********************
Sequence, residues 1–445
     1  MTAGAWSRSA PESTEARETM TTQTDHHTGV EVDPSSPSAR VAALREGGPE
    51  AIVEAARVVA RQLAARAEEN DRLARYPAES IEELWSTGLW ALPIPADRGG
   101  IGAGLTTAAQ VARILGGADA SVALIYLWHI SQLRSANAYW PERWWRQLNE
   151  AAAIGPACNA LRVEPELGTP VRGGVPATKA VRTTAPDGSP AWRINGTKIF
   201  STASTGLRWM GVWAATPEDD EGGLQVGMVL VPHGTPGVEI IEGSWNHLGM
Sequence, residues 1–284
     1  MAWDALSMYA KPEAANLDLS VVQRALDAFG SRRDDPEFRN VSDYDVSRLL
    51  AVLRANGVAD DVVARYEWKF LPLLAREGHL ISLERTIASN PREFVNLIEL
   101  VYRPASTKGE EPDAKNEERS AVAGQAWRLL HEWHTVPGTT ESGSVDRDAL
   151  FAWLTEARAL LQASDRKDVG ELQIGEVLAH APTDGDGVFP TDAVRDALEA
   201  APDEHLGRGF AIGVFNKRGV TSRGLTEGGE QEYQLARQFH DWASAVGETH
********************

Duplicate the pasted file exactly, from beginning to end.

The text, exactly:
Sequence, residues 1–445
     1  MTAGAWSRSA PESTEARETM TTQTDHHTGV EVDPSSPSAR VAALREGGPE
    51  AIVEAARVVA RQLAARAEEN DRLARYPAES IEELWSTGLW ALPIPADRGG
   101  IGAGLTTAAQ VARILGGADA SVALIYLWHI SQLRSANAYW PERWWRQLNE
   151  AAAIGPACNA LRVEPELGTP VRGGVPATKA VRTTAPDGSP AWRINGTKIF
   201  STASTGLRWM GVWAATPEDD EGGLQVGMVL VPHGTPGVEI IEGSWNHLGM
Sequence, residues 1–284
     1  MAWDALSMYA KPEAANLDLS VVQRALDAFG SRRDDPEFRN VSDYDVSRLL
    51  AVLRANGVAD DVVARYEWKF LPLLAREGHL ISLERTIASN PREFVNLIEL
   101  VYRPASTKGE EPDAKNEERS AVAGQAWRLL HEWHTVPGTT ESGSVDRDAL
   151  FAWLTEARAL LQASDRKDVG ELQIGEVLAH APTDGDGVFP TDAVRDALEA
   201  APDEHLGRGF AIGVFNKRGV TSRGLTEGGE QEYQLARQFH DWASAVGETH